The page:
Wedding Photography: You Get What You Pay For

Our Wedding

“You want to charge how much?”

“You seriously charge that much just to show up and take photos?”

“All It takes to get good photos is a good camera…my cousin can do it, she just picked up a new camera from Costco”

*Cue eyeroll*

 

     I don’t mean to take it out on your cousin, I bet she takes lovely pictures.  She’s probably an absolutely wonderful person, and if you want to take the risk, go for it.  More power to you, lady.  However, there’s this horrendous myth that floats around that all it takes to take good pictures, is a good camera.  Now, don’t get me wrong, there is a big difference between a $300 point and shoot and a $3000 DSLR.  The quality you’ll get from taking a picture of your new vase of flowers your fiancé got you is going to be super evident.  But the fact is, that it MATTERS who is behind the lens.  

     I’m going to preface this right now, I’m not going to sugar-coat this.  Okay, now, think about it.  You can’t plop a fast food worker in a 4-star kitchen and expect them to pop out beautifully seared salmon that you’d drop $40 on.  You wouldn’t trust a pilot who knows how to fly a little two-seater Cessna to man a Boeing 787.  It isn’t just the tools, it’s about the expertise of the person handling them.  People understand these things, but for some reason, the myth about photography stands strong.  So, let’s break this down.

 
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Let’s talk about what you think you’re paying for first

(you may be the exception to the rule but stay with me here).

  1. Someone who can take photos.

That’s it.  That’s the list. That’s what you think a photographer does.  It’s right up there with telling a stay-at-home Mom that all she does is sit at home with the kids.  It’s just flat out untrue.  Ask any stay-at-home-mom and she’ll run you through her day.  Her actual job title is somewhere along the lines of laundress/cook/dishwasher/tutor/maid/accountant/personal shopper/gardener/auto detailer/nurse.  A photographer’s job doesn’t begin and end at, in my case, the wedding.  And the cost isn’t just the camera.

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Let’s look at what you are actually paying for.

  1.  Someone who can create images to meet your requirements.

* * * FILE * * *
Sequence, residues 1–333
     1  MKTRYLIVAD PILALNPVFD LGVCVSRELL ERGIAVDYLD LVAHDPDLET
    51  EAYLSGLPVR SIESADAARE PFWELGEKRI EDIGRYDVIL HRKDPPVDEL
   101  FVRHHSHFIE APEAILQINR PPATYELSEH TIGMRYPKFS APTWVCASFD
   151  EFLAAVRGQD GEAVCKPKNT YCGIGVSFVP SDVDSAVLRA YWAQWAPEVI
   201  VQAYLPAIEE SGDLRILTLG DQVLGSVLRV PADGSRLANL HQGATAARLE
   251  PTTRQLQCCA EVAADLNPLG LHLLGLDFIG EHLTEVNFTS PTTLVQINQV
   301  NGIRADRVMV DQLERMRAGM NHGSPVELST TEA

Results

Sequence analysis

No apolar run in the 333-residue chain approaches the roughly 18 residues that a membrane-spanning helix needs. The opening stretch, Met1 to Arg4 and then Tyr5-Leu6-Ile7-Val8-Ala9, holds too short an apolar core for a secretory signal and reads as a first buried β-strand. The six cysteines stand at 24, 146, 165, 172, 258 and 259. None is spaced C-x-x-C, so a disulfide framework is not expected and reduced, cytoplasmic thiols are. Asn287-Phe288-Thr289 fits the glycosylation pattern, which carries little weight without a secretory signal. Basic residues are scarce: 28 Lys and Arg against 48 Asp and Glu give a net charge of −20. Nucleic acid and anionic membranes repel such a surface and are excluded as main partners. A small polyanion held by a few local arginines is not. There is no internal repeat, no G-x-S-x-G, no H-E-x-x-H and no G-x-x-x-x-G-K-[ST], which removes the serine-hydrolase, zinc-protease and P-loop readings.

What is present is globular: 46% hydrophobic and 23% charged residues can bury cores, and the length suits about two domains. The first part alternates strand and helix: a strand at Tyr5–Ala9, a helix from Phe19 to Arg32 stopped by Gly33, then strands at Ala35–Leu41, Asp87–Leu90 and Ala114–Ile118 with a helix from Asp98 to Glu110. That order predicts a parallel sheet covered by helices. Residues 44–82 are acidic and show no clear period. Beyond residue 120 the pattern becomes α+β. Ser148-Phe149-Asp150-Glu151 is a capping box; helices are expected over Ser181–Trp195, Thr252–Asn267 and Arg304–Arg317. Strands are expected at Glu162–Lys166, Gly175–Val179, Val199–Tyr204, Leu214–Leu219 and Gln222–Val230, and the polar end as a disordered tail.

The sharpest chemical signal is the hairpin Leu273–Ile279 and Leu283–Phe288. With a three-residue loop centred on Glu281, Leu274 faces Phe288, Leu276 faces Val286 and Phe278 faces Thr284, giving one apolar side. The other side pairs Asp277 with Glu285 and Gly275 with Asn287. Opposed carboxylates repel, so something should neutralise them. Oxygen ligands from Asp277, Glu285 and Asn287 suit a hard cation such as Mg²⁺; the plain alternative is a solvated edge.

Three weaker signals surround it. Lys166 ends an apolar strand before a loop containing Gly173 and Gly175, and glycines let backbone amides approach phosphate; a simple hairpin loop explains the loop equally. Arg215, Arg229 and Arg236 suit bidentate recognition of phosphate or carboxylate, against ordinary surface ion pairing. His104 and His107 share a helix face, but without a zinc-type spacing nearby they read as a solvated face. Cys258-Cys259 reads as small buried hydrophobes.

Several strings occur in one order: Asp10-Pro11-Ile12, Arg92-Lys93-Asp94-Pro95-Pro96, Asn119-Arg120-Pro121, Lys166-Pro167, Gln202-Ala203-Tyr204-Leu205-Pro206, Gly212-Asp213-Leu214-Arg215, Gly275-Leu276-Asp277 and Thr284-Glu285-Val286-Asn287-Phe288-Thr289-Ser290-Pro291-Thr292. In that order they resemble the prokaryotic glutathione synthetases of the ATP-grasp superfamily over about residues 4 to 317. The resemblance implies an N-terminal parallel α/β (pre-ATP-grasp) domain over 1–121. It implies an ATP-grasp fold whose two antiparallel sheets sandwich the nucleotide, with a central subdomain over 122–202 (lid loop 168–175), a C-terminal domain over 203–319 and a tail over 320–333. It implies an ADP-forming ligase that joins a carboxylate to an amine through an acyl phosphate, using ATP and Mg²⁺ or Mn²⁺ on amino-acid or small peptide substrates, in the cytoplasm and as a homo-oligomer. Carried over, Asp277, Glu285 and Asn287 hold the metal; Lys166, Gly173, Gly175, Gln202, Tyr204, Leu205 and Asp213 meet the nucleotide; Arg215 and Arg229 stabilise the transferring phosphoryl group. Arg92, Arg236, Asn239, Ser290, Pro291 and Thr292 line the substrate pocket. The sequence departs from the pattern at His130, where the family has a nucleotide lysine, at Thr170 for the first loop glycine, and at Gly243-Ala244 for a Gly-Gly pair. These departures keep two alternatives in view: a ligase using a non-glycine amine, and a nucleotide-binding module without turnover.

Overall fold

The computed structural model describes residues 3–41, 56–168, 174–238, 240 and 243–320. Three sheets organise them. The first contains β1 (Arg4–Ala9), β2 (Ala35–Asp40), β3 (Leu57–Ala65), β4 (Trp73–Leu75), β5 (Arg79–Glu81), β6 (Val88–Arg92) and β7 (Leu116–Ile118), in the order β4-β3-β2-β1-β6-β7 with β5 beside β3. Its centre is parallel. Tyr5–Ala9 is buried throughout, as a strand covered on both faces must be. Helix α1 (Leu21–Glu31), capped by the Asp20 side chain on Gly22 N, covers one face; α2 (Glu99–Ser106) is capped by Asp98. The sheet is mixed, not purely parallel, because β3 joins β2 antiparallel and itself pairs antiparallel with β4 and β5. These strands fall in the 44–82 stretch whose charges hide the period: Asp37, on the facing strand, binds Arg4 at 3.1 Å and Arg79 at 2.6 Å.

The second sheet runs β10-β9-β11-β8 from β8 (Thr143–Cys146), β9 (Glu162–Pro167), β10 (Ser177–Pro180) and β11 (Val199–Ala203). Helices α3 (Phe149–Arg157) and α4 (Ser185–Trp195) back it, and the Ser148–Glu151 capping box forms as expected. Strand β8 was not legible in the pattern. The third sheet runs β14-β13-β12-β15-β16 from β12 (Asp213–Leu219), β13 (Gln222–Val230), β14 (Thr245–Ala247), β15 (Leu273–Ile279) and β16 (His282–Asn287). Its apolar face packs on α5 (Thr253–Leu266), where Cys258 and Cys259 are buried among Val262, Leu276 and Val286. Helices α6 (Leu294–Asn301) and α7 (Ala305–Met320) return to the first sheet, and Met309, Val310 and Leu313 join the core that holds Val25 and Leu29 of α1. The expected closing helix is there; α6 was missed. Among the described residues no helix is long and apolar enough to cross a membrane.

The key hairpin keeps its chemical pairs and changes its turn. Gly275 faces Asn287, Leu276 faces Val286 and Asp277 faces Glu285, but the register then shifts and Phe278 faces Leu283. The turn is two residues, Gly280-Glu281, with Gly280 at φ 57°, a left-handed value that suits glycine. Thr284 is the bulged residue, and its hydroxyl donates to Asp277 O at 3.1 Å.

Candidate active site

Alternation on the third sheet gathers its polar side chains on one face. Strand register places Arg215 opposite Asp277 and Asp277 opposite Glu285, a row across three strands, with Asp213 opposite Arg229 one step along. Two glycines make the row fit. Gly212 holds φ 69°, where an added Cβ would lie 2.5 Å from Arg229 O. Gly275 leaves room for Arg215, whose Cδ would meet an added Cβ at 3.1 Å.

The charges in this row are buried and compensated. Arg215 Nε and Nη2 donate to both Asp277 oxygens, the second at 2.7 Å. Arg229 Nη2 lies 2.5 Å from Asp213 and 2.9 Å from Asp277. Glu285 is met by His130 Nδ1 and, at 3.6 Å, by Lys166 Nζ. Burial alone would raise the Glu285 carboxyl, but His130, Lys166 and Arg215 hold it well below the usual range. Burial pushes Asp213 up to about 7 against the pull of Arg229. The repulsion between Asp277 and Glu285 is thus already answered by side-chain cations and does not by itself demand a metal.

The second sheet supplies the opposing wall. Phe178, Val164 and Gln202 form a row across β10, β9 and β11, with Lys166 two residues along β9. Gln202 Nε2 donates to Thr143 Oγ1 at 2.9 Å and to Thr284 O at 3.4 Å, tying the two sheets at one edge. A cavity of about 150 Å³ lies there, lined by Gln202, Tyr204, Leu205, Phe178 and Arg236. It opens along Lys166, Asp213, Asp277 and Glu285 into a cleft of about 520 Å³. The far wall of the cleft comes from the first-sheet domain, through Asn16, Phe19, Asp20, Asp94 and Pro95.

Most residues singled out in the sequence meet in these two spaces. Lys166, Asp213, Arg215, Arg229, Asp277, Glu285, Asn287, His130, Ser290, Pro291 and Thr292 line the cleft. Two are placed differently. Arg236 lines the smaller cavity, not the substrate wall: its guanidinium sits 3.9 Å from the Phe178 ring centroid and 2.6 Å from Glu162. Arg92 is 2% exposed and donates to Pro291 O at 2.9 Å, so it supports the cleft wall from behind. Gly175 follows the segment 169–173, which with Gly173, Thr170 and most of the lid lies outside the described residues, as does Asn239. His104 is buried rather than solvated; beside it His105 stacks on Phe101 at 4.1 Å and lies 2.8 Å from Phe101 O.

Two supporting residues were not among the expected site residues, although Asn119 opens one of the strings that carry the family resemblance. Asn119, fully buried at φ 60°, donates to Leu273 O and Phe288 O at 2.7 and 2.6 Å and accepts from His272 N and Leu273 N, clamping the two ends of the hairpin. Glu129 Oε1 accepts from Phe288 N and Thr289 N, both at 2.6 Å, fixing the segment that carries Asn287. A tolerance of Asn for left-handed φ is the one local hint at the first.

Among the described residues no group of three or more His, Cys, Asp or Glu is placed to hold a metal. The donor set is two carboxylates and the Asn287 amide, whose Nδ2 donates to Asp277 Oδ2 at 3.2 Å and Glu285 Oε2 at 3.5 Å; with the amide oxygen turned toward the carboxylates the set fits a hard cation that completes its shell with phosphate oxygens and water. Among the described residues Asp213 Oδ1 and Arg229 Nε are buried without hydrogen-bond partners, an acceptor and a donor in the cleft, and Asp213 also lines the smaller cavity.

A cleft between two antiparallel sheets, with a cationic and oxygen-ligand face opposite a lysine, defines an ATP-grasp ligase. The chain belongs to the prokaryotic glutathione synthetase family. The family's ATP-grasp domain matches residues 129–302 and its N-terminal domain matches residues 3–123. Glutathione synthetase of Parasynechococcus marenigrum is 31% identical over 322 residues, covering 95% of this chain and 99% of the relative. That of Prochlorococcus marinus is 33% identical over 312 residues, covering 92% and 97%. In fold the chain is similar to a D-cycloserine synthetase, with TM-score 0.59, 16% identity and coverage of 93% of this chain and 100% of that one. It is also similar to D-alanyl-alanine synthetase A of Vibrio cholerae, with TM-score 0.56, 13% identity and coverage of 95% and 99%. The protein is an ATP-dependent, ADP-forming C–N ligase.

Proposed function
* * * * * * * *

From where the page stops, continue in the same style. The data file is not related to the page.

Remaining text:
Your wedding day should play out like a story through your images.  You should be able to look upon your photos and relive the day.  Not just remembering who wore what or when your Dad got teary-eyed for the third time that night.  You should feel a narrative coursing through the collection.  

 

That’s the big one, the difference between the person standing behind the lens.  But, there’s more. 

When photographers factor in price, they’re also factoring in:

  • The cost of their camera equipment.  Lenses and camera bodies ain’t cheap, y’all. And that’s just the basic package.
  • There’s lighting equipment, because no wedding takes place in perfect lighting, and most transition into the evening. 
  • The computer equipment to work on editing your photos.  As picture perfect as you are destined to look on your wedding, I’m still going to have touchups to do.  No wedding is perfect, but it’s my job to make it look like it was.
  • Gotta pay for that image editing software to get those pictures just right.
  • HUNDREDS of hours spent to learn how to use all my equipment correctly, quickly, and how to trouble shoot.  It’s not as if I can shout out, “Hold on, Reverend! I have to get my shot in focus!” There are no second chances for that first kiss as Mr. & Mrs/Mrs. & Mrs./Mr. & Mr.
  • My assistant.  How do you get a photo of you walking up the aisle and a shot of your fiancé’s beaming face all in the same 10 seconds?  How do I get that shot with your veil appearing to float effortlessly in the breeze?  My assistant, and she doesn’t work for free.
  • Data storage and back-ups.  Until you have huge files to transfer and save, this one is a hard one to visualize.  But those high-quality images require a lot of space.  And you want me to have them on back-up!
  • Transportation costs.  I have to get to your venue, after all.
  • General office expenses, paper, envelopes, postage, ribbon etc.  I like to pamper my brides with pretty packaging, it’s all in the details, after all.
  • Promotion and website costs.  
  • Telephone and internet costs.  You know that storage transfer I was talking about…it’s a doozy.
  • Income and Sales Tax.  Oh, you thought I got to keep all of the money I charge you? Oh, I wish.  Honestly, that was something I underestimated, too.  So, I can’t hold that one against anyone.  Lesson learned, though.  
  • Business insurance, because things happen.  Sometimes trees fall blocking your driveway, sometimes some jerk steals your camera equipment.  Sometimes, in the worst of cases, memory cards malfunction.  So, there’s business insurance.  
 

     Plus, a photographer deserves to earn a living wage, just like any other hard-working person so they can enjoy the luxuries of paying rent, eating, buying the coffee they need to get through the third hour of editing photos.  

The bottom line is, you get what you pay for. 

     If you pick your photographer based on the fact that they were the cheapest you could find, don’t be surprised when you’re less than underwhelmed when your photos are delivered.  It’s the brutal truth, but there it is.

Just spreading the good word!

 


Becca Jones- Seattle Wedding Photographer

B. Jones Photography, 8016 87th Place Northeast, Marysville, WA, 98270, United States